problem... no comments from MSI, so far.

    John Lewis
     
    John Lewis, May 30, 2005
    #1
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  2. John Lewis

    Paul Guest

    As for Asus, they get a "weasel" rating, in terms of letting
    the limitation of the P5ND2 be known. The motherboard page with
    specs for the board is here:

    http://usa.asus.com/prog/spec.asp?m=P5ND2-SLI Deluxe&langs=09

    "Supports Enhanced Intel SteepStep Technology(EIST) Intel
    dual-core new generation CPUs enabling ( subject to Intel CPU
    availability and NVIDIA chipset supportability )"

    Would you buy a used car from the person who wrote that ?
    Are we supposed to guess at just what "supportability" means ?

    The Asus FAQ page has an entry for the 820 vs P5ND2 issue. The
    downloadable Asus motherboard manual also has a statement
    in the specification section, that the 820 runs in single
    core mode only. So, Asus has "confessed" in as invisible
    a way as they can manage (no one visits the FAQ page because
    it is so crappy and pointless). The CPU support page is completely
    silent on the subject of dual core processors for the P5ND2,
    which is also peculiar (only the P4-670 3.8GHz processor is
    listed?). I don't think the Asus support page is ready for
    duals yet (the P5WD2 has no processors listed).

    As for the differences between chips, the 820 doesn't have
    EIST (it probably does have it, but it is useless, as the
    idle speed and full-power speed would both be 2.8GHz, which
    means no change between states). Another difference on the
    820, is it is the only 05A power spec processor, and the
    PRB (processor requirements bit) in the MSR is zero for this
    processor. Which should be a "no sweat" issue (BIOS is supposed
    to read this bit, and only has to respond in some unexplained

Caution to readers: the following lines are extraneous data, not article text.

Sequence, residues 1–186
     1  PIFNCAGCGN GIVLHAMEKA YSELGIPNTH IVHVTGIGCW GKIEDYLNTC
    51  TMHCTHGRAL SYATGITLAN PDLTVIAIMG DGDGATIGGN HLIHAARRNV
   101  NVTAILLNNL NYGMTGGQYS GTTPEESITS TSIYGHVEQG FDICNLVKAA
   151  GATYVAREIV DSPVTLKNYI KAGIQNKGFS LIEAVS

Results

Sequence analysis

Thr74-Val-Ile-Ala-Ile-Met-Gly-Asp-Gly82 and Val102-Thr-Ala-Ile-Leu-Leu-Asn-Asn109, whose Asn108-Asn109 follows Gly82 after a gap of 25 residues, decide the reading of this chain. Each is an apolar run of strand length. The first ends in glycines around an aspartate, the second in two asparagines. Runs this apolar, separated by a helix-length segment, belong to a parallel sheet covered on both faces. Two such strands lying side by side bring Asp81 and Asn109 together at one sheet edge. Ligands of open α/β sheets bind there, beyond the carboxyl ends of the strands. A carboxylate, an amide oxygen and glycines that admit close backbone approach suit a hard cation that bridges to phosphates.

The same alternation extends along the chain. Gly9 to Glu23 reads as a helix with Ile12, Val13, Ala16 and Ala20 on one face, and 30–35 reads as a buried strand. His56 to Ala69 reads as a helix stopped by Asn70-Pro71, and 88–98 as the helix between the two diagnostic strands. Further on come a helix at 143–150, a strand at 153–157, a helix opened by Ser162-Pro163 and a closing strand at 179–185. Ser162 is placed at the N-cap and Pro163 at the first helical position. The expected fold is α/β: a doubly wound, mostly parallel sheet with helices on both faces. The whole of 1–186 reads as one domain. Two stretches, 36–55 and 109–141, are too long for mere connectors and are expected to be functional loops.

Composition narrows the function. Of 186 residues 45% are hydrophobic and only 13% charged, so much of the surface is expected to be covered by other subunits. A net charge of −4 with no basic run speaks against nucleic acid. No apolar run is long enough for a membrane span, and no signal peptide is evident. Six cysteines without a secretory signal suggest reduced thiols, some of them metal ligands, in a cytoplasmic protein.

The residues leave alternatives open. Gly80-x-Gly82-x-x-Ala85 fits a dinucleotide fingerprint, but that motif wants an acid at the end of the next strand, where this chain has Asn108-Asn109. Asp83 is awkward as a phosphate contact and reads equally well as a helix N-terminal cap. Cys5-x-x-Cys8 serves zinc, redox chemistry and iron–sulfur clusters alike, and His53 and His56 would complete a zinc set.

way, when PRB=1).

    While there are a pile of errata in the Intel datasheet, there
    is nothing in there that is suggestive of a failure mechanism
    (doc 30683203):

    http://www.intel.com/design/pentiumxe/specupdt/306832.htm

    Perhaps you could drop Wesley Fink at Anandtech a line, and
    see if he knows whats up.

    Paul
     
    Paul, May 30, 2005
    #2
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  3. John Lewis

    John Lewis Guest

    Paul,

    Thanks for the truly excellent information. I have sent Wesley an
    email as you suggested. I hold Anandtech in very high regard,
    so I am optimistic that we shall get the true story very soon. Will
    post any reply here, if appropriate. AnandTech may decide to
    investigate formally and publish an article on the subject. Wesley's
    first reply to me might just be his own initial speculation and
    pointless to post here. We don't need to fuel more rumors on the
    subject -- we need the facts !


    John Lewis
     
    John Lewis, May 30, 2005
    #3
  4. John Lewis

    John Lewis Guest

    www.monarchcomputer.com is now taking pre-orders on
    a first come, first-serve basis. First shipments due June 16.

    All 4 variants of the X2 processor too !!

    Unit prices as follows:-

    X2 4800+ $999
    X2 4600+ $822
    X2 4400+ $619
    X2 4200+ $579

    I would expect Newegg to be about 5-10% lower
    (except for the 4800+) once they open up for orders.
    Newegg does not take pre-orders.

    Looks as if AMD is beating Intel to the RETAIL market
    in dual-core. AMD appears to be executing their desktop
    (and server) processor strategies with perfection these days,
    while Intel is stumbling around in darkness of their own
    making.

    ( Intel dual-core will need a new motherboard, DDR2
    a beefier power-supply plus a bunch of extra cooling..... )